Why is the heat of hydrogenation of benzene less than expected?

1 Answer
Jun 29, 2017

The heat of hydrogenation is less than expected because benzene is stabilized by resonance.


Heats of hydrogenation

Cyclohexene has one double bond, and its heat of hydrogenation is -120 kJ/mol.

Benzene has three double bonds, so we might expect its heat of hydrogenation to be -360 kJ/mol.


However, its measured heat of hydrogenation is only -208 kJ/mol.

Benzene is more stable than expected by 152 kJ/mol. This difference is called its resonance energy.



We can write two Lewis structures for benzene, differing only in the positions of the electrons.

Whenever we can do this, the correct structure is neither of the two. It is a resonance hybrid of them both.

Such a structure is more stable than either of the contributors, and the extra stabilization is called the resonance energy of the compound.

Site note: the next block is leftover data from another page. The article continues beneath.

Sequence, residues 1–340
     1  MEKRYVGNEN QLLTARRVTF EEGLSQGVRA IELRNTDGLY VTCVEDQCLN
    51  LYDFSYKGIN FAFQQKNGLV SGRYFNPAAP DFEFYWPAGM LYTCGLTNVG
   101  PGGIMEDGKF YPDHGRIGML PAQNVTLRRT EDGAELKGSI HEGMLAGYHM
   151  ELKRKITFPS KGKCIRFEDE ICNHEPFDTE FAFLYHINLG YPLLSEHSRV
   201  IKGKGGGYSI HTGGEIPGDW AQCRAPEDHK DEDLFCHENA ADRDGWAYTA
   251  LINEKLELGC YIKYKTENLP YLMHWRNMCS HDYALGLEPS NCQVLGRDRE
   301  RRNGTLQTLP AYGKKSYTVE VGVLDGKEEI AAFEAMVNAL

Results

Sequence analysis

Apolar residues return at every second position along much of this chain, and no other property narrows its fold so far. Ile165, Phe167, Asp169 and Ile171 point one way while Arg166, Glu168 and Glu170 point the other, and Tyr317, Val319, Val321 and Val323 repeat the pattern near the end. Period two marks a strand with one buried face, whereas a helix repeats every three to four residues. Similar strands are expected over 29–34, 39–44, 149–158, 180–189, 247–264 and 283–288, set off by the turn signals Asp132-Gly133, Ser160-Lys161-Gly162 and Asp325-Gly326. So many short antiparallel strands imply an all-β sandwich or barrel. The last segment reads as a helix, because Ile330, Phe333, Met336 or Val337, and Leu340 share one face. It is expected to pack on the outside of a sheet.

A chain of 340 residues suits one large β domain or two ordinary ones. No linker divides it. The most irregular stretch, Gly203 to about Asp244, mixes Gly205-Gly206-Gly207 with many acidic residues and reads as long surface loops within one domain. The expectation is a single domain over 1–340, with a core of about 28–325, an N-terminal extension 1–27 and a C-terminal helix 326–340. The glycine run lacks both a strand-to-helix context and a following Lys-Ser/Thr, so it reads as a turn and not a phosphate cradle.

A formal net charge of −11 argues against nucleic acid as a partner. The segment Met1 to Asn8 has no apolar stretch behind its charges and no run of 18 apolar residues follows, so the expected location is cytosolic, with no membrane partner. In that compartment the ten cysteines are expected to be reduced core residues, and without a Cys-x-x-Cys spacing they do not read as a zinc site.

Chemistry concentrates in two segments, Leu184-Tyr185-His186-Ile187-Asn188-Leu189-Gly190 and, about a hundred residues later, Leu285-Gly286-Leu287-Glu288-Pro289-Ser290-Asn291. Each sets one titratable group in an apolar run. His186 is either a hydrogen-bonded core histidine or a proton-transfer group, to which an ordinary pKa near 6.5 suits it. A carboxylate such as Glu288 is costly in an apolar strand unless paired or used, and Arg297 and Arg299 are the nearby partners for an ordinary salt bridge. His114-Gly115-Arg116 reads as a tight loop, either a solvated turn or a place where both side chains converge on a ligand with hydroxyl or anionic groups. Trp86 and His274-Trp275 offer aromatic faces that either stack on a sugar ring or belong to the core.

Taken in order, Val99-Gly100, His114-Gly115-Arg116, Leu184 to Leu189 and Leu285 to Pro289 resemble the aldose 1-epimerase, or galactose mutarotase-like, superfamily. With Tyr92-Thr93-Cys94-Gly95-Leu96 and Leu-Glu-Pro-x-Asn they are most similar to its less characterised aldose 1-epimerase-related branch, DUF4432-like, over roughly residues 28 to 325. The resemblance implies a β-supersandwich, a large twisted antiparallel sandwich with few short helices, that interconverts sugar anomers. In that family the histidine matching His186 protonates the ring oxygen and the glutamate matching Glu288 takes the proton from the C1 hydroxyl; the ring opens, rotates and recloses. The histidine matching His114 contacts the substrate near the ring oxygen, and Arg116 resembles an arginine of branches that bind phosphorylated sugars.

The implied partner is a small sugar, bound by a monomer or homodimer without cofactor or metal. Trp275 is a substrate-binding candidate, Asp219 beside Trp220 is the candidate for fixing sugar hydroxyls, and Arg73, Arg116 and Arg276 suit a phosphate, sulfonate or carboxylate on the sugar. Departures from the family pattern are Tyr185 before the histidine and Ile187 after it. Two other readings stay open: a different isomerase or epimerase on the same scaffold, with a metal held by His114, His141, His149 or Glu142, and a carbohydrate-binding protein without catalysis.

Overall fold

The orbital explanation

We can understand this in terms of the orbitals involved.

The carbon atoms in benzene are #"sp"^2# hybridized, and the unhybridized #"p"_z# orbitals overlap side-on to form the π-clouds of the #"C=C"# double bonds.


All six #"p"# orbitals can overlap side-on to form a "delocalized" π cloud of electrons around the ring.

Whenever electrons can spread out or "delocalize", they are at lower energy levels.

The overlap may appear to be small in the above diagram.

(Adapted from Physics Stack Exchange)

However, the computer-drawn picture above shows that #"2p"# orbitals are really much "fatter" than the elongated tear-drop shapes we usually draw, and the carbon atoms are close enough to each other, so side-on overlap of the orbitals is quite significant.